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As you can see, next to the fence at the bottom there is some sort of black and yellow plant with a corn-like looking texture. I can't find anything that says what it is. May it also be noted I live in the U.K. Does anyone know what it is or at least if it's a plant or flower?

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  • can you add a pic that is closer in. its difficult to see. – JonathanC Mar 25 '17 at 12:30
  • Hi Stamp! I cropped your photo to try to make it easier to see. It's blurry up-close, though, so if it's doing more harm than good, feel free to delete it, or let me know and I'll do it. Welcome to the site! – Sue Saddest Farewell TGO GL Mar 25 '17 at 19:15
  • Plant or flower? Flowers are reproductive structures found on plants. Some are pretty, some are not. Some are obvious, some are not. – George of all trades Mar 25 '17 at 21:14
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Well, at this stage, it looks like one of the Orobanche, or broomrape family (image of a more advanced one here http://www.markgtelfer.co.uk/beetles/salisbury-plain-again-broomrape-toadflax-and-ground-huggers/) the trouble is, its only March and these usually don't appear that early. A clearer photo might help, or take one as it advances so that it becomes more obvious as it develops. Orobanche generally a rare - they're parasitic plants, and grow very much in association with a host plant's roots, and the host varies depending on the variety of Orobanche; it may even be growing in association with a plant next door.

The other possibility is one of the Equisetum varieties, common name Horsetail, which I very much hope it isn't. One shoot is a bit unusual though, they usually start popping up over a broader area. Seeing what it looks like in a week or so would be very useful.

UPDATE

Following your comment that there are more shoots of this appearing, then it likely is Equisetum, probably Equisetum hyemale http://www.tastygardener.com/horsetail/. It usually retains stems above ground which may remain evergreen - it may be that someone's dug it out last year and these are new shoots for this year, but its proximity to the fence might suggest it's coming through from next door if you haven't noticed it before.

It is available for sale - people usually grow it in a pond or at pond margins, but it does need controlling to restrict its spread, because its pretty invasive. The extent to which it's spread will reveal itself over the next few weeks. It much prefers damp or wet soil conditions, so if your soil dries out pretty well in summer, particularly if you're in East Anglia, Essex or the South East, that will hopefully help control its spread

  • There does appear to be darker ones around the area I counted 10 all together (edit also if you look more towards the right on the first picture near the green plant thing there is a small black one) – Stamp Mar 25 '17 at 19:15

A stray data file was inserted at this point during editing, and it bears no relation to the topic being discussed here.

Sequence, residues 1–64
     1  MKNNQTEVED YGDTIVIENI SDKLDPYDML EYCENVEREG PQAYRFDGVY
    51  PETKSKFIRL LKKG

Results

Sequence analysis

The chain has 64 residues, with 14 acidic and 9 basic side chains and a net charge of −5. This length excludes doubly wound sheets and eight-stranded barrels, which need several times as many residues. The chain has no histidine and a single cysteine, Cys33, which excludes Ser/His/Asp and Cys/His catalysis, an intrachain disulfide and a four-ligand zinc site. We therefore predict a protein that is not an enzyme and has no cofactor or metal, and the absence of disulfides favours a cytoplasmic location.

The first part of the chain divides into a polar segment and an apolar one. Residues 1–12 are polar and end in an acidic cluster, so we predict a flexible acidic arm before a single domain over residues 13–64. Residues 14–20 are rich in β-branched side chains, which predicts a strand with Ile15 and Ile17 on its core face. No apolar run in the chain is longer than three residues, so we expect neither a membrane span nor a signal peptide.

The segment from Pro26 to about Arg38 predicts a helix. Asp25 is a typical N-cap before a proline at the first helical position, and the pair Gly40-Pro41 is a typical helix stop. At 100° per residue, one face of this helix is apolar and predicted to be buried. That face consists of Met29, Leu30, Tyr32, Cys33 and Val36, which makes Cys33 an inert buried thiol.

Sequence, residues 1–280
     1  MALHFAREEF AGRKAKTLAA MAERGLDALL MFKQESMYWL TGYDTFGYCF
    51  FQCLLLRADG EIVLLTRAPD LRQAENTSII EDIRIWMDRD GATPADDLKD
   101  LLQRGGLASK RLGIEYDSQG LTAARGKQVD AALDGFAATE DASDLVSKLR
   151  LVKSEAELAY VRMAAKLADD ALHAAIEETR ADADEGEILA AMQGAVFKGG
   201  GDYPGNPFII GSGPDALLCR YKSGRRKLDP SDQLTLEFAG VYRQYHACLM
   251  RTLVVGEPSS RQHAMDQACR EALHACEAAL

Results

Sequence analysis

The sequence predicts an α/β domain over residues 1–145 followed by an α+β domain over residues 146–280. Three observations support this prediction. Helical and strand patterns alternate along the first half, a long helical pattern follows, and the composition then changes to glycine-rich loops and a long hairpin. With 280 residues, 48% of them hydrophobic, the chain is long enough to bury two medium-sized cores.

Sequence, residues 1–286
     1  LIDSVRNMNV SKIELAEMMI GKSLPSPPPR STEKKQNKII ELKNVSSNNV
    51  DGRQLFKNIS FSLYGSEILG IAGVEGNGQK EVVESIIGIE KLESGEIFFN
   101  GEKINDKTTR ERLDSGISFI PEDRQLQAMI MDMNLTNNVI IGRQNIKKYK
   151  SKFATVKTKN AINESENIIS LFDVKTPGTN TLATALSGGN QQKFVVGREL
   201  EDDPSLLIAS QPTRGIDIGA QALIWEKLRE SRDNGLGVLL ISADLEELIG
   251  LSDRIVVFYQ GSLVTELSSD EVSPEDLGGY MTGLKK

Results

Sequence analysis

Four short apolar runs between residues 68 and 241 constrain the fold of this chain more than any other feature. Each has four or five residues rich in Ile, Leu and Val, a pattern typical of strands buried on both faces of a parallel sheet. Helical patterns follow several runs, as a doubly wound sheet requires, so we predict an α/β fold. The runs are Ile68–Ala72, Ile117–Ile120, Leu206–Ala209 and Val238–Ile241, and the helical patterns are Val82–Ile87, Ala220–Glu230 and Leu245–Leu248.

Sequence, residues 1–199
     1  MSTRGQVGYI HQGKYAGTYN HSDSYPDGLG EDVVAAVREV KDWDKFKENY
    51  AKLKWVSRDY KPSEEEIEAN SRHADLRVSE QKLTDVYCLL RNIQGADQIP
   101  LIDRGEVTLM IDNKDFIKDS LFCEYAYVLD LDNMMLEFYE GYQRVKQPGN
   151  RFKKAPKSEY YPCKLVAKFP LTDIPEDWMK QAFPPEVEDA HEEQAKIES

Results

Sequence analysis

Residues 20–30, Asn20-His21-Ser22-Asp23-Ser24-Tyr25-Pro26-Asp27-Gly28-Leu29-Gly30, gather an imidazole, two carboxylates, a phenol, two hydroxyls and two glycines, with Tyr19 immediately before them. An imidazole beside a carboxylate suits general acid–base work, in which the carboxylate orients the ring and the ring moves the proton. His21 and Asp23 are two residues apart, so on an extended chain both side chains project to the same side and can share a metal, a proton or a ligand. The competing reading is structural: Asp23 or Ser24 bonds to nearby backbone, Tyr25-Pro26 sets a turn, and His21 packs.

• Equisetum then - you can actually buy Equisetum hyemale, which I suspect this one probably is. Often grown in ponds or at pond margins...I'd better update my answer. – Bamboo Mar 25 '17 at 22:54
  • To me, it doesn't seem Equisetum hyemale: the "tail" is too much large, the scales too large: no green space between nodes. Additionally "hyemale" means winter, so it should be already well developed. For me it E. arvense or E. sylvaticum. – Giacomo Catenazzi Mar 27 '17 at 7:22
  • Time will tell; its not immediately obvious to me which variety it is at this stage of growth, so you may be right, I just mentioned hyemale because it's the most common, deliberately planted variety here. – Bamboo Mar 27 '17 at 10:48
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I think it is an Equisetum. And I'm not pessimistic as Bamboo. It could grow as single shot (or few shots), especially on first years. It is also edible. The only equisetum on my garden didn't last a mow of lawn.

EDIT:

I would remove it, but we are curious about what species it is. So in few months, could you check if you see larger plants near your home (e.g. other ivy or Galium for yellow Orobanche; or damp soil for Equisetum)

  • No let's cover it with gliphosate (kidding) – J. Chomel Mar 26 '17 at 7:56
  • I think gliphosate will not work. Equisetum is a genre unrelated to all conifers and all flowering plants, so it is also one of the harder vegetable to exterminate with chemicals (which are designed for flowering plants or mosses). – Giacomo Catenazzi Mar 27 '17 at 7:19
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Looks like some species of Equisetum, most probably E. telmateia (the Great Horsetail) which is becoming more common in the UK. Futher details and images available on http://www.brc.ac.uk/plantatlas/plant/equisetum-telmateia. Equisetum are not flowering plants instead they are Pteridophytes - a group of vascular plants which also includes ferns. Like ferns they produce spores for reproduction and not seeds.

Orobanche are more delicate plants, quite rare in the UK and would tend to be found in close proximity to their hosts (they are parasitic). Equisetum are common and often problematic weeds, although I do have a soft spot for them - I like their prehistoric look. They will spread without control (root barriers are a must if growing ornamentally).

  • E. telmateia has many more scars, To me it doesn't seems like E. telmateia. On the other hand other Equisetum are usually not so wide, and usually they are much more green. – Giacomo Catenazzi Mar 27 '17 at 8:17

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